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Updated 4:21pm - Jul 26, 2016

Home arrow Opinion arrow Editorials arrow Coastal Voices: Remembering the Stormy


Coastal Voices: Remembering the Stormy

My family was so touched by the March 30 Michele Thomas column, “Raising of the vessel Stormy,” that I am moved to fill in a bit more of Stormy’s history.  

My father, Charles Edward Hakala, owned the Stormy approximately 44 years ago. He docked her at Harbor, Ore., and commercial-fished on her for a while.

I was about 12 or 13 years old then and spent a couple of months living on the Stormy with him, as his “boat-puller,” as they called young boys then who were hired to help on commercial vessels. I was the only girl living on and helping with a commercial fishing venture at that time. I still have my commercial fishing license from that summer.

My father had worked on commercial fishing boats on the Columbia River when he was a young teenager, and being of Finnish bloodline, he always had commercial  fishing in his blood.

At the time he fished the Stormy, she had no electronics, to speak of. He had a CB radio that would only receive, not transmit. He used a $2 transistor radio to head toward the harbor, in the dense fog. He would turn it around until the signal from a local radio station came in strongest; then steer her in that direction!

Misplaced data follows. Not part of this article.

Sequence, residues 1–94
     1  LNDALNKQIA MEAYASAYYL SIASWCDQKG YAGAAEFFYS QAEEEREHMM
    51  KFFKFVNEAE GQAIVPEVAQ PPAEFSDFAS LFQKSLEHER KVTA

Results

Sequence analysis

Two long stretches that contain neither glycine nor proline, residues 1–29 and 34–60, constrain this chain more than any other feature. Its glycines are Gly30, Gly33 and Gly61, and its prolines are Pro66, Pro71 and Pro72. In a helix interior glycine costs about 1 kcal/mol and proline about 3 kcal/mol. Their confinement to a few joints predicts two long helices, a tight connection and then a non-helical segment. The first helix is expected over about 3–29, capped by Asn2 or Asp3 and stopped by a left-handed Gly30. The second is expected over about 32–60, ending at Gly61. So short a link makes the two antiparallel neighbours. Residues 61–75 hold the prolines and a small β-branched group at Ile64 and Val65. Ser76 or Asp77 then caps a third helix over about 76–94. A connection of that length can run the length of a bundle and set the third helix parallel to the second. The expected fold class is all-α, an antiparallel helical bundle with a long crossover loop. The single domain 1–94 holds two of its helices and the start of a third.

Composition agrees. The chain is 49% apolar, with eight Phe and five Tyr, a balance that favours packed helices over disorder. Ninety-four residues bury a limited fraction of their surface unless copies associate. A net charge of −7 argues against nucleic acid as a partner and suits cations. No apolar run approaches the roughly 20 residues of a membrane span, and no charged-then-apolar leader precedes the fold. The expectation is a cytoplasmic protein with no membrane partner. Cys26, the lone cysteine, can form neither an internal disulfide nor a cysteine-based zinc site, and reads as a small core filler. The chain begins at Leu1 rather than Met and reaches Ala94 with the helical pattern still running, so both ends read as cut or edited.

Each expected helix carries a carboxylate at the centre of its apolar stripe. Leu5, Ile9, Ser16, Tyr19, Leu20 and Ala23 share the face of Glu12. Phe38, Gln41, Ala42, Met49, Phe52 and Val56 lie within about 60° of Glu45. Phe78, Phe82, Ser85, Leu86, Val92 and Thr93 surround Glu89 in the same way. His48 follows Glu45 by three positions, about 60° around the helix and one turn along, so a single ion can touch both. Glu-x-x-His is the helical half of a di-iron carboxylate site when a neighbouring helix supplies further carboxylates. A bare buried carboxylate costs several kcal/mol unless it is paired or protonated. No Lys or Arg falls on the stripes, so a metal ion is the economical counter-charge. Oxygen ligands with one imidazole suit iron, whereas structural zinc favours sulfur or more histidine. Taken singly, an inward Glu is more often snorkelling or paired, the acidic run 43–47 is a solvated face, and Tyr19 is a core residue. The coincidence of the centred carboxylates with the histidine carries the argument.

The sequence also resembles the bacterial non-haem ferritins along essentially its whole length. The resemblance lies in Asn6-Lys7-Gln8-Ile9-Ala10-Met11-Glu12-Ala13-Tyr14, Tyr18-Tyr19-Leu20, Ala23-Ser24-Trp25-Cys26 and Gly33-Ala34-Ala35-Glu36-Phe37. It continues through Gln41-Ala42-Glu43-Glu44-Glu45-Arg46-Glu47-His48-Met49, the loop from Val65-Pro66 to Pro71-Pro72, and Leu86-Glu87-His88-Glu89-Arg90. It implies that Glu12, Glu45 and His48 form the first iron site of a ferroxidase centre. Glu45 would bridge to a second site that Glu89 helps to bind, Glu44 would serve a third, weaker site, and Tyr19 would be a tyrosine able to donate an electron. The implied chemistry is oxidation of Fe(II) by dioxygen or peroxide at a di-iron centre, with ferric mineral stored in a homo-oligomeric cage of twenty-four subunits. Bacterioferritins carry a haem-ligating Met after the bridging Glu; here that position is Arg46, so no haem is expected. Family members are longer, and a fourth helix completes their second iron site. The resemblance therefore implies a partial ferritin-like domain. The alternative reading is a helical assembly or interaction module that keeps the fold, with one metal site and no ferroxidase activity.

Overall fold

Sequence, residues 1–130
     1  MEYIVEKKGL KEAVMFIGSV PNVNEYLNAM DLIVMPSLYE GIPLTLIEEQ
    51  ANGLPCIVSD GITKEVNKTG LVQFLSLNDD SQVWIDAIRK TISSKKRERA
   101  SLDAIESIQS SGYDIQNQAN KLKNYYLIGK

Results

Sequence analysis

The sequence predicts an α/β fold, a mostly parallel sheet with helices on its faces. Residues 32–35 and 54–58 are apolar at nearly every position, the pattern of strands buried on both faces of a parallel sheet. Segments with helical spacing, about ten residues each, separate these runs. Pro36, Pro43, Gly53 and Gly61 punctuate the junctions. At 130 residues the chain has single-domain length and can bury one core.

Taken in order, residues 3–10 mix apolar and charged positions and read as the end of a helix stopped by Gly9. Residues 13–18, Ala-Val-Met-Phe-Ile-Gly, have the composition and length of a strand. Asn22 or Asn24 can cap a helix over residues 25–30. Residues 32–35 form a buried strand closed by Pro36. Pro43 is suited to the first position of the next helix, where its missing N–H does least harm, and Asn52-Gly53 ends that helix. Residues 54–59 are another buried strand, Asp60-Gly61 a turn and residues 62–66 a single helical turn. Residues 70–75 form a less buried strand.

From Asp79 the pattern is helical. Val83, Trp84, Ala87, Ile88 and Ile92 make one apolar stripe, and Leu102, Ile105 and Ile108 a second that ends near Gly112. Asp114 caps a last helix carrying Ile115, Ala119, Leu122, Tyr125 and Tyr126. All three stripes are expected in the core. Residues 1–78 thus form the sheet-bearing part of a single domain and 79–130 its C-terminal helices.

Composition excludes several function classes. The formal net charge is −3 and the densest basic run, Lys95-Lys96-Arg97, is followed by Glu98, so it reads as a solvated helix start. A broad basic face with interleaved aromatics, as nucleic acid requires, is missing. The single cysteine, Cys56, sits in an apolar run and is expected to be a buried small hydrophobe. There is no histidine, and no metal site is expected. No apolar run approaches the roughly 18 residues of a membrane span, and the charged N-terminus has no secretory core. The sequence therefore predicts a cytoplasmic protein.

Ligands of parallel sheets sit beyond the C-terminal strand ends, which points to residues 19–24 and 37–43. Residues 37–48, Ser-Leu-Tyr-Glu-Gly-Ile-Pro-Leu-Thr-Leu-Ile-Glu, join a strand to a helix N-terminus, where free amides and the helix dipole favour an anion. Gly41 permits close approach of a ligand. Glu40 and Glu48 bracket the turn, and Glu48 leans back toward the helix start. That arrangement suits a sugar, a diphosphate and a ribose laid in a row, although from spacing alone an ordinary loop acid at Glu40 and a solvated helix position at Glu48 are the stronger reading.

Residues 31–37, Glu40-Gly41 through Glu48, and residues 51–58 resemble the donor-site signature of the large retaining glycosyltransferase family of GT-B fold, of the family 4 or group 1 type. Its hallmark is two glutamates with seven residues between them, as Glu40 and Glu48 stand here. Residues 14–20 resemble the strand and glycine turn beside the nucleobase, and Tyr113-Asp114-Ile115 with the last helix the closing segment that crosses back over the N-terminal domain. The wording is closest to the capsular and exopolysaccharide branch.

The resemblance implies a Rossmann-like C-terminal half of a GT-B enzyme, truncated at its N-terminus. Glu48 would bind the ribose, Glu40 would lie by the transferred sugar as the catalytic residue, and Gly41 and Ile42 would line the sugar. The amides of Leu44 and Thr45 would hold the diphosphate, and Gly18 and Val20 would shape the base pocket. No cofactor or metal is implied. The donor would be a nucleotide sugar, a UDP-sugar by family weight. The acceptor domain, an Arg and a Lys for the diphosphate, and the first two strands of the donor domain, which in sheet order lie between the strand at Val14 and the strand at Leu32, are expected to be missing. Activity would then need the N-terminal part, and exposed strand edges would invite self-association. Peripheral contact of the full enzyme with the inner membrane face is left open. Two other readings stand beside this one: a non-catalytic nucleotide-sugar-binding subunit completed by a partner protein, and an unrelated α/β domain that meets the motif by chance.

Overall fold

Often times we were the last boat back to the harbor. We would be almost there and he would say to me, “Honey, I bet there is one big fat lazy salmon out there that is just now coming out to eat, let’s make one more run around and ‘get him’!”

Pretty soon the Coast Guard would be calling over the CB, “Stormy come in now, it’s getting late, Stormy, come on in.”

My dad was a great seaman, was in the Navy 20 years and taught his grandsons to navigate among the rocks, and taught them the waves and how to know where they were in the ocean.  He had a smaller boat then and only fished for pleasure, but, he always loved the Stormy — as did his wife, daughters and grandsons.

We never lost track of her over the years, making several trips to see her.  We saw the changes she went through.  The very top deck added, rigged to fish for crabs, etc.

We have followed with great anticipation and tears as we saw her survive the first wave of the tsunami, with the Misty Rose crowding her, then saw her empty slip at the dock, then she was floating free in the harbor, then her demise. Our family lives in Grants Pass, Ore.; we have followed every bit of news we could get.

We have fond memories and love for the Stormy over many years.  Please forward our deepest feelings of loss to Charles Schnacker and his son.

I could not help but think, when you said a rainbow had appeared as Stormy was raised, that it was my Dad, Charles Hakala, reclaiming her as his own, this time from heaven. If so, she truly does have a captain again. Mr. Hakala passed away approximately 15 years ago.

Sherry L. Watson, maiden name Hakala, is a Grants Pass resident and a former deckhand on the Stormy.



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